This study was supported by an unrestricted educational grant from Bioniche Life Sciences Inc. Dr Petrella is a Canadian Institutes of Health Research (CIHR) investigator. Special thanks to Charlene Bartha, RN, and Stan Alkemade, DVM, for their assistance with the study and manuscript.

Corresponding author and reprints: Robert J. Petrella, MD, PhD, Centre for Activity and Ageing, University of Western Ontario, 1490 Richmond St N, London, Ontario, Canada N6G 2M3.

Davis  MAEttinger  WHNeuhaus  JMMallon  KP Knee osteoarthritis and physical functioning: evidence from NHANES I Epidemiologic Follow-up Study. J Rheumatol. 1991;18591- 598
Dieppe  P Osteoarthritis. Acta Orthop Scand Suppl. 1998;2812- 5
Creamer  PSharif  MGeorge  E  et al.  Intra-articular hyaluronic acid in osteoarthritis of the knee: an investigation into mechanisms of action. Osteoarthritis Cartilage. 1994;2133- 140
Link to Article
Denlinger  JL The chemistry, biology and medical applications for hyaluronan and its derivatives. Laurent  TCed.Hyaluronan and Its Derivatives as Viscoelastics in Medicine Miami, Fla Portland Press1998;235- 242Wenner-Gren International Series.
Peyron  JG Intra-articular hyaluronan injections in the treatment of osteoarthritis: state-of-the-art review. J Rheumatol Suppl. 1993;3910- 15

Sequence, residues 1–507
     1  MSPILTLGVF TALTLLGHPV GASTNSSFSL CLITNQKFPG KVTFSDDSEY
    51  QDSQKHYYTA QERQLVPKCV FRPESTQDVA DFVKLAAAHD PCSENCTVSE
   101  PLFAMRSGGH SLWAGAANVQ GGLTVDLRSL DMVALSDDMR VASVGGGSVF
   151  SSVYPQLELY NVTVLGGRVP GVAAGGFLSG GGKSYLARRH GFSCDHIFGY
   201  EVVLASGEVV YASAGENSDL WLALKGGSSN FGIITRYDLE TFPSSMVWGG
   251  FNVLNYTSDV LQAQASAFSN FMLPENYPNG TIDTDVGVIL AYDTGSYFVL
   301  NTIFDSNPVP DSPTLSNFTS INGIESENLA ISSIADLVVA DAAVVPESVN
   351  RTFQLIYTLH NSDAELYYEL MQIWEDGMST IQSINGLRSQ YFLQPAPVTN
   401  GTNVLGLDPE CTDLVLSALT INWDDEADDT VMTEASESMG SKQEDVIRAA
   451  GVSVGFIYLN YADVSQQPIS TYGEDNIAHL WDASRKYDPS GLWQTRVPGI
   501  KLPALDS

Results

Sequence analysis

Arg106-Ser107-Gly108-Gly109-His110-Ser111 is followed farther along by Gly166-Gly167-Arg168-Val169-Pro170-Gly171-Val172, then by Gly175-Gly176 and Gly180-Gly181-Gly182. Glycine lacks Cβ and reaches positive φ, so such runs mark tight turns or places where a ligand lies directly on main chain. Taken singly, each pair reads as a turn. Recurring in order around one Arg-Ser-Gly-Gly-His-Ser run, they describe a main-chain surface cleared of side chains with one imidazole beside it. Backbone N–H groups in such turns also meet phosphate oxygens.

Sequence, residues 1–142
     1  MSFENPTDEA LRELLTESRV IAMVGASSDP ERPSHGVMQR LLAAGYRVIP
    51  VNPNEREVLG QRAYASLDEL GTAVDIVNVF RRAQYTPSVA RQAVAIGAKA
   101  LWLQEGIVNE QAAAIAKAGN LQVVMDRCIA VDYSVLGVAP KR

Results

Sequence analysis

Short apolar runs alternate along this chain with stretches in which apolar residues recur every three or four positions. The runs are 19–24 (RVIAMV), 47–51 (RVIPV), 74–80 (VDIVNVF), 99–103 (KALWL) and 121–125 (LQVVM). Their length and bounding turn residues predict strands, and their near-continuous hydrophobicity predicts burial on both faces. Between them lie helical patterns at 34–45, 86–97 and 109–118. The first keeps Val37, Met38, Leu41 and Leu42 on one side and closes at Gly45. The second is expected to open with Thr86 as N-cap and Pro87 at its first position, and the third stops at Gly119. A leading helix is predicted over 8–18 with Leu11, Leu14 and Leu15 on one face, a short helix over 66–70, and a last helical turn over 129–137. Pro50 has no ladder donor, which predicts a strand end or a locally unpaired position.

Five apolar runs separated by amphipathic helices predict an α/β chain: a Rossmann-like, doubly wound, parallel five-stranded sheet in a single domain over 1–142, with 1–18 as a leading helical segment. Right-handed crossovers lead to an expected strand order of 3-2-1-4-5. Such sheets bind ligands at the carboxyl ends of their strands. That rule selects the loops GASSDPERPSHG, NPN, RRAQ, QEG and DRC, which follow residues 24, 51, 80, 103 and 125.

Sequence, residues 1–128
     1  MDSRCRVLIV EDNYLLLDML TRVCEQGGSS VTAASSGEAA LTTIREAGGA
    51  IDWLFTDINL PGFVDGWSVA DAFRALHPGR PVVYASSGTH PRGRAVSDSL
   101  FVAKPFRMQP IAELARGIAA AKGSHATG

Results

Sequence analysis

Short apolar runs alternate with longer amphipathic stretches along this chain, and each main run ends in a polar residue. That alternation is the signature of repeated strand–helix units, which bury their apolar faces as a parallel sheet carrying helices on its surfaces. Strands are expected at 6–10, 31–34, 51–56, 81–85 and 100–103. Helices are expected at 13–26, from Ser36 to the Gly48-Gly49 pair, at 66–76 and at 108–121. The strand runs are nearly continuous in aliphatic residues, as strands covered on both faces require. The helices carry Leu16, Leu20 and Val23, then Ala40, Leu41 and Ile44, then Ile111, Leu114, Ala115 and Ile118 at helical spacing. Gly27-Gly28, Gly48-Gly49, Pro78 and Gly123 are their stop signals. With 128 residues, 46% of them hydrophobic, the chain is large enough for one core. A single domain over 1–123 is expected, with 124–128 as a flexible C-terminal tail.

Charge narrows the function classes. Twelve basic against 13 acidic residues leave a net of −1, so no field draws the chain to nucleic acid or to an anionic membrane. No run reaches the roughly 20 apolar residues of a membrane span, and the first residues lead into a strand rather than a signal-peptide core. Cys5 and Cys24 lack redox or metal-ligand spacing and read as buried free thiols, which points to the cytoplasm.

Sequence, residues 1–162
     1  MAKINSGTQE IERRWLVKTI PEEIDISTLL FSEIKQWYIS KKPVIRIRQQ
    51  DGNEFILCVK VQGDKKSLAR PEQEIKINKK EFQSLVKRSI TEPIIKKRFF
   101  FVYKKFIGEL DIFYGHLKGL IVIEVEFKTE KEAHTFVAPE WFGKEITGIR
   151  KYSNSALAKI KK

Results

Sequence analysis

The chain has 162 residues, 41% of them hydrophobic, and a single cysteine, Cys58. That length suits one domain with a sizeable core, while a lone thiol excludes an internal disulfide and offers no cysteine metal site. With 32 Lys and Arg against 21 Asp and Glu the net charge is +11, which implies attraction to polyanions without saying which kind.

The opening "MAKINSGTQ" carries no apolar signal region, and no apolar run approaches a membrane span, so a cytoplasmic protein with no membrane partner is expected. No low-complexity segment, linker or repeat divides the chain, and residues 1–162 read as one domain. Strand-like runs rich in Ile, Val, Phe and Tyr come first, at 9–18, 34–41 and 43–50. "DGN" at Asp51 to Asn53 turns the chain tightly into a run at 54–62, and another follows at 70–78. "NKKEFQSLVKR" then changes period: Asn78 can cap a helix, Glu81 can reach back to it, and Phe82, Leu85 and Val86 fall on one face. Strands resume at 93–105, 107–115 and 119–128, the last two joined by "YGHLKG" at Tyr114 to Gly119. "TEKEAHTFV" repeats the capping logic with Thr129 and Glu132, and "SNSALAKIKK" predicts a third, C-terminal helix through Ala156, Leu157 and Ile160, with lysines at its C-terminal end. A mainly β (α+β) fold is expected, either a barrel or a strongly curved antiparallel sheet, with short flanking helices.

Hill  KDSchwarz  JAKalogeropoelos  AJGibson  SL Fear of falling revisited. Arch Phys Med Rehabil. 1996;771025- 1029
Link to Article
Altman  RDFries  JFBloch  DA  et al.  Radiographic assessment of progression in osteoarthritis. Arthritis Rheum. 1987;301214- 1225
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Bellamy  NCampbell  JStevens  JPilch  LStewart  CMahmood  Z Validation study of a computerized version of the Western Ontario and McMaster Universities VA 3.0 Osteoarthritis Index. J Rheumatol. 1997;242413- 2415
Bellamy  NBuchanan  WWGoldsmith  CHCampbell  JStitt  LW Validation study of WOMAC: a health status instrument for measuring clinically important patient-relevant outcomes following total hip or knee arthroplasty in osteoarthritis. J Rheumatol. 1988;151833- 1840